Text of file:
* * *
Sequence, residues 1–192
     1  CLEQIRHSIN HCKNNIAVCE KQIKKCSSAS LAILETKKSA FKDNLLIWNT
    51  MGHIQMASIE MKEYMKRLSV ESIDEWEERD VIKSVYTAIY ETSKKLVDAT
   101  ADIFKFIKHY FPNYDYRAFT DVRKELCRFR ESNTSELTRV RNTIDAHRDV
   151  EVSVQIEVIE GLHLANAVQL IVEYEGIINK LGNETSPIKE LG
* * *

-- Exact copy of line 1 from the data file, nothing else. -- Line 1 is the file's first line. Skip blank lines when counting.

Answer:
Sequence, residues 1–192